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Sept 1, 2019

The latest media buzz word seems to be Recession. In a recession, gross domestic product contracts for at least two quarters. There are many more economic indicators that signal a recession. That's because GDP growth will usually slow for several quarters before it turns negative. This is typically in response to sluggish consumer demand. There have been 33 recessions since 1854.

The National Bureau of Economic Research defines a recession as "a period of falling economic activity spread across the economy, lasting more than a few months." The NBER is the private non-profit that announces when recessions start and stop. It is the national source for measuring the stages of the business cycle. The NBER uses the skill, judgment, and expertise of its commissioners to determine whether the country is in a recession. That way, it isn't boxed in by purely by the numbers. It can use monthly data to determine when a peak has occurred and when the economy has just started to decline. That allows it to be more precise and timelier in its measurements.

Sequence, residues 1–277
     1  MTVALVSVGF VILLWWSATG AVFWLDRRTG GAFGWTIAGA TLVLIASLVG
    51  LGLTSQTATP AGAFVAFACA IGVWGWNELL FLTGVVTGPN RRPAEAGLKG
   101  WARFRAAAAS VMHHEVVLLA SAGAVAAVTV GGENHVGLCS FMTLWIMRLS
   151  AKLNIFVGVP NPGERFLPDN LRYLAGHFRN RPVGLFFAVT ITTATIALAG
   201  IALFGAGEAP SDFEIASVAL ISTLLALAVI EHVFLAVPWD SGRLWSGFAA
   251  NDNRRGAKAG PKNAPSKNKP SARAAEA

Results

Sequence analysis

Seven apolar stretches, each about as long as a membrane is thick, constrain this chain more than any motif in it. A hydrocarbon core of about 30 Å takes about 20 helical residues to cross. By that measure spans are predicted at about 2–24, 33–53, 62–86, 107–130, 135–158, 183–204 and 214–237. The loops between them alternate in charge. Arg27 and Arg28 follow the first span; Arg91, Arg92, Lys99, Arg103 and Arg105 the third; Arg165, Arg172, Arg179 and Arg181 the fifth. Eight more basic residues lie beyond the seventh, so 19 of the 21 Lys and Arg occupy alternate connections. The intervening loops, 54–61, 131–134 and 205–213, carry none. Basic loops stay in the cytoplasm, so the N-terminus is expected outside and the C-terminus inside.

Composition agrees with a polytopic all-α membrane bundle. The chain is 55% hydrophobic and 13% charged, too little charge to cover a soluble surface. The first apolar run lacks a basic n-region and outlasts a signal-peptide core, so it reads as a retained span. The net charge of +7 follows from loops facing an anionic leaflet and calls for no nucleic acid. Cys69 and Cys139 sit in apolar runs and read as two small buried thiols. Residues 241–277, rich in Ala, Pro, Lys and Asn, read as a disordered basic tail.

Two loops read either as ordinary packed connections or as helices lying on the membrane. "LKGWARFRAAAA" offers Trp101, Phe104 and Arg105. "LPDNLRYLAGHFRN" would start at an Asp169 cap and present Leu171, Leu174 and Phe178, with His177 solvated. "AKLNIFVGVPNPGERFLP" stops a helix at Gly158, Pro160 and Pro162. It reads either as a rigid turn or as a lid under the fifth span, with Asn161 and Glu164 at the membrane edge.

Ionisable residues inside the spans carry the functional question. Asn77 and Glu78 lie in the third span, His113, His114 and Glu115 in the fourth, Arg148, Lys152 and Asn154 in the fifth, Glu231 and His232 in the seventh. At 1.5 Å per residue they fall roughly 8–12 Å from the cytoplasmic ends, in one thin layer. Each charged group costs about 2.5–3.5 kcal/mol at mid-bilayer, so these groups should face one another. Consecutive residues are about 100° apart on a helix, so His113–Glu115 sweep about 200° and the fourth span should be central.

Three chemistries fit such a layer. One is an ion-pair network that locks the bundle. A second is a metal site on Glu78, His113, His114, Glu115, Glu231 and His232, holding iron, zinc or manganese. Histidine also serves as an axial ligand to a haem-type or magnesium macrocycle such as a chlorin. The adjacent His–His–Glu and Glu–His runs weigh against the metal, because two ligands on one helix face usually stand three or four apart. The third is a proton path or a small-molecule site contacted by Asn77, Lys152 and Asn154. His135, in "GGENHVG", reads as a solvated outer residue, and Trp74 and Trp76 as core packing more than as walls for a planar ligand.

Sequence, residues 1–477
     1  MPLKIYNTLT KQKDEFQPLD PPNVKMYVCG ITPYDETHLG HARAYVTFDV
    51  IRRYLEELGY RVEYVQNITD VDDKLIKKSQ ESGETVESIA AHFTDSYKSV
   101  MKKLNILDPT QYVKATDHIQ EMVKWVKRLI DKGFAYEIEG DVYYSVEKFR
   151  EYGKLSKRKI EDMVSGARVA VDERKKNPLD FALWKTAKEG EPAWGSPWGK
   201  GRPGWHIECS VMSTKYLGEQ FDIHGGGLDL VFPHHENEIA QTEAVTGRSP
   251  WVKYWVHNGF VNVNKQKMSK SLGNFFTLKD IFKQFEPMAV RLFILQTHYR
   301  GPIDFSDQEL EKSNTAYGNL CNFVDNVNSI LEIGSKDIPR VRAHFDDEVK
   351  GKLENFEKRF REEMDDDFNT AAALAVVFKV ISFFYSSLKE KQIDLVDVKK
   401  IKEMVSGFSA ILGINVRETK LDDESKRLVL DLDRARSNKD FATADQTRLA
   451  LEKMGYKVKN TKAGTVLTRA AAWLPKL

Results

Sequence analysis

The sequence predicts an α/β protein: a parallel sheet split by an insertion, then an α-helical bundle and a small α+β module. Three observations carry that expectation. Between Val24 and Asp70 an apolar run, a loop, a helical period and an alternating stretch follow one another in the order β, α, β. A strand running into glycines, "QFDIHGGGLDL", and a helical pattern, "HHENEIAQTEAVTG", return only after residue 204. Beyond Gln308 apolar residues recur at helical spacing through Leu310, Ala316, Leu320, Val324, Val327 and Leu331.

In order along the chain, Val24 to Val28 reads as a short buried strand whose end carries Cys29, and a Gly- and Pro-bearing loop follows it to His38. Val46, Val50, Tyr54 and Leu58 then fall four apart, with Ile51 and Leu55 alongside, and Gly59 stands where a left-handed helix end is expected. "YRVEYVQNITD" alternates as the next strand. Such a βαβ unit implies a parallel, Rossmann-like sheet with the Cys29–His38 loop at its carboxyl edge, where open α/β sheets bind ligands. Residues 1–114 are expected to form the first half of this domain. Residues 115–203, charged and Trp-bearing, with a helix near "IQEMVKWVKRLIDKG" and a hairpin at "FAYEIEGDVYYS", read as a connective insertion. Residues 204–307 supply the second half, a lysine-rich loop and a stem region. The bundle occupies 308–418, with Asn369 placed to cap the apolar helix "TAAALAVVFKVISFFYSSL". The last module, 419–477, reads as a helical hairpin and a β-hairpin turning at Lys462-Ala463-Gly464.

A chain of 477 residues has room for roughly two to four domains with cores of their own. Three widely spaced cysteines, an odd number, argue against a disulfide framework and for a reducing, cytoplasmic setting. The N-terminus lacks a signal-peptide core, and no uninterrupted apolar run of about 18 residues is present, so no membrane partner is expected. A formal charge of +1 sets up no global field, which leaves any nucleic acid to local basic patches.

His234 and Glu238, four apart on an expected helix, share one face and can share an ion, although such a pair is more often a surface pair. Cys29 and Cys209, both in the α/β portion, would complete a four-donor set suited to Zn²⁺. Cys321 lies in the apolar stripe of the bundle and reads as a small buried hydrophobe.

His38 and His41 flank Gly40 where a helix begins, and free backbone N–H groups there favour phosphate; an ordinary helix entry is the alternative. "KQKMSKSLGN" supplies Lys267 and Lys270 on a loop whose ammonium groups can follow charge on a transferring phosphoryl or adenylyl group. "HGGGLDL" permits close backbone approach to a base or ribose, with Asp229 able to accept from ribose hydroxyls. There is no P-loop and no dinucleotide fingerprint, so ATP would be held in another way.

For the moment, the fundamentals show a strong economy with the lowest unemployment rate in 50 years, the lowest inflation rate in 50 years and consistent wage gains across the majority of middle-class America, who continue their spending at a consistent rate. The Federal Reserve’s monetary policy through the increase and decrease of Fed Funds interest rates is to maintain a Goldilocks economy- not too hot and not too cold, just right. So, depending on your political bias, one may root for a recession or booming economy just preceding an election year, but the Goldilocks economy is the goal of the Federal Reserve for the country.

Despite a volatile month in the markets, the Dow, S&P 500 and the NASDAQ are still all positive for the year at 13.19, 16.74, and 20.01percent respectively with the 10-year Treasury yielding 1.50 percent.